Sardinia is the second largest island in the Mediterranean Sea (after Sicily), yet it remains relatively unspoilt and less touristy than its neighbours. And while most visitors head to the northern coast for its dramatic landscapes and beaches, the southern region is making its own mark, notably the capital, Cagliari, the gateway towards discovering the island’s historical monuments and authentic traditions, not to mention its charming coastlines.
Before heading off to the coast, I spent some time exploring the capital’s Castello district, an ancient fortress where two imposing towers once protected the citadel from waves of invaders. The main attractions here are the Cathedral of Santa Maria and the Cittadella dei Musei, home to the archaeological museum and its extensive collection of artefacts dating back thousands of years. Panoramic vistas of the city and mountains beyond can be viewed from the heights of Castello, while down below, a vibrant lifestyle thrives against a backdrop of centuries-old structures.
After a dose of culture and city life, it was time to head to Forte Village for some serious pampering. Less than an hour’s drive south of Cagliari, this coastal oasis rimmed by a long stretch of white sandy beach is home to over 3,000 species of flora, including 15,000 trees, Mediterranean bushes and exotic flowers, providing an expansive habitat for wildlife.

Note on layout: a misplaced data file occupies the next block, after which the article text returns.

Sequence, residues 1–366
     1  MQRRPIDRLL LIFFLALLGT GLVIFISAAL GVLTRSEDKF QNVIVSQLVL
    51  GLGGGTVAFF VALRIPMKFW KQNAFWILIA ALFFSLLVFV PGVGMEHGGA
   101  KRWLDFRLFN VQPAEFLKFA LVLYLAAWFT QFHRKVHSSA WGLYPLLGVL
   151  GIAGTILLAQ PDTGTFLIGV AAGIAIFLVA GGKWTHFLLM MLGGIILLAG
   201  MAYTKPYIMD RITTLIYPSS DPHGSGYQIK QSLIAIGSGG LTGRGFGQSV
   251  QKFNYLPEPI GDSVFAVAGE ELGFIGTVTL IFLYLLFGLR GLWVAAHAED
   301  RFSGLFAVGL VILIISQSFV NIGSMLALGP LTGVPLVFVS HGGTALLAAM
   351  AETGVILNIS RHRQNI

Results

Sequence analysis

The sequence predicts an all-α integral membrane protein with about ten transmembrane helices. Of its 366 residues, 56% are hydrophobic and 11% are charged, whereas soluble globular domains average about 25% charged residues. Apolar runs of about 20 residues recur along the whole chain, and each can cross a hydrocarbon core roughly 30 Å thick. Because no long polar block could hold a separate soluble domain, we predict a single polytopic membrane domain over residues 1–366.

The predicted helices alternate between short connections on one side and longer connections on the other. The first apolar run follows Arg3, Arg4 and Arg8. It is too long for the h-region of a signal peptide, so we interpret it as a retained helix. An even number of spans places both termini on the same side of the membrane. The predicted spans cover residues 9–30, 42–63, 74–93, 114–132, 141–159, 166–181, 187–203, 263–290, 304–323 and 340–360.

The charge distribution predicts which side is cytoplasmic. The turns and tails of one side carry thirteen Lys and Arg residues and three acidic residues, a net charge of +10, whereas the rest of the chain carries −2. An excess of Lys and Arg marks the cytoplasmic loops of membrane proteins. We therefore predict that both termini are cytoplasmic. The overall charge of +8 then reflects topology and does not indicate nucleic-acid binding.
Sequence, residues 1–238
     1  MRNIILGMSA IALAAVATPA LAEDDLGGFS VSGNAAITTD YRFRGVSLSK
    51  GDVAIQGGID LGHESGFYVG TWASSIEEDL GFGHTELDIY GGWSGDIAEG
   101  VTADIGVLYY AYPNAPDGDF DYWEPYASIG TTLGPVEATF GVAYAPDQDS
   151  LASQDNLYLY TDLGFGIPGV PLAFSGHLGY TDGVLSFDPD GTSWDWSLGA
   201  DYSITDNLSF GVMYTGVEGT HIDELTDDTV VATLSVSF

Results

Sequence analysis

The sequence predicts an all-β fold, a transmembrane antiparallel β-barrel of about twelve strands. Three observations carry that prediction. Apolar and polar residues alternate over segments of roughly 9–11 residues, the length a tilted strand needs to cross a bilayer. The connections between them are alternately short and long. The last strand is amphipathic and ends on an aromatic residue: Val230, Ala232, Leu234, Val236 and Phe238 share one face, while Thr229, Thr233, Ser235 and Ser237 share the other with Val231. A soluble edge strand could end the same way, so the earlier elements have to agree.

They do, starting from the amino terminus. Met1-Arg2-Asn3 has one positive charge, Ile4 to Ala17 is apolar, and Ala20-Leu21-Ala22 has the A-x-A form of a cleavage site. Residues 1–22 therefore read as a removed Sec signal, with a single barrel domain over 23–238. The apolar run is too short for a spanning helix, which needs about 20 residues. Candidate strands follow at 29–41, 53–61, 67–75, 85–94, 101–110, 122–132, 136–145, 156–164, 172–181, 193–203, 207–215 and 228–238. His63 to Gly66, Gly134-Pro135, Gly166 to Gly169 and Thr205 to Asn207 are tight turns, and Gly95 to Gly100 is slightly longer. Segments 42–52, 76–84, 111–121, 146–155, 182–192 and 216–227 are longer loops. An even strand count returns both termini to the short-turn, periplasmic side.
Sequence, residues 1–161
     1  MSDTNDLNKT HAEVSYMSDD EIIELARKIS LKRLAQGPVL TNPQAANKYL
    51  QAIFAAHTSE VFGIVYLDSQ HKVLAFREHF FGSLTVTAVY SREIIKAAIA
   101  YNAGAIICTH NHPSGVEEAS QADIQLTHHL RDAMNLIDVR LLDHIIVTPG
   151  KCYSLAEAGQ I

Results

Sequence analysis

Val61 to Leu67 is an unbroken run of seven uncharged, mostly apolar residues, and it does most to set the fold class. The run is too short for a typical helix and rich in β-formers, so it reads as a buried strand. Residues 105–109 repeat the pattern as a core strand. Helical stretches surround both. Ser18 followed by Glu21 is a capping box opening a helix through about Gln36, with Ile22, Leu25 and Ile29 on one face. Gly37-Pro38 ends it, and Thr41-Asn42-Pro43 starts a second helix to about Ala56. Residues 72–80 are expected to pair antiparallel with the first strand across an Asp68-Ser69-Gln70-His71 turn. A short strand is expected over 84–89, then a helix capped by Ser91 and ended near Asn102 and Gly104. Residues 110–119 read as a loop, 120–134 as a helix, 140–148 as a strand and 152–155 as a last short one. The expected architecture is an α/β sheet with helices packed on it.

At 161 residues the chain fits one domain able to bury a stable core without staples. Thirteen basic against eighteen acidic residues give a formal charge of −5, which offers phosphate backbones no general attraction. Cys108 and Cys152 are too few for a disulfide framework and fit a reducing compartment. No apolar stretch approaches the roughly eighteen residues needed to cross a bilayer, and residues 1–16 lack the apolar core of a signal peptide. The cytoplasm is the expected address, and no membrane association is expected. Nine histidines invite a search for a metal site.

It was hard to imagine this village could accommodate eight luxury hotels, 13 villas with pools and 40 suites. Sprawling across 50 hectares, each enclave is enclosed within its own private gardens to provide seclusion, privacy and space for guests. Initially, the village seemed like an enormous maze of pathways lined with towering palm trees. But after spending an afternoon meandering on foot and hopping on board an electric golf cart, I quickly became familiar with the resort’s geography.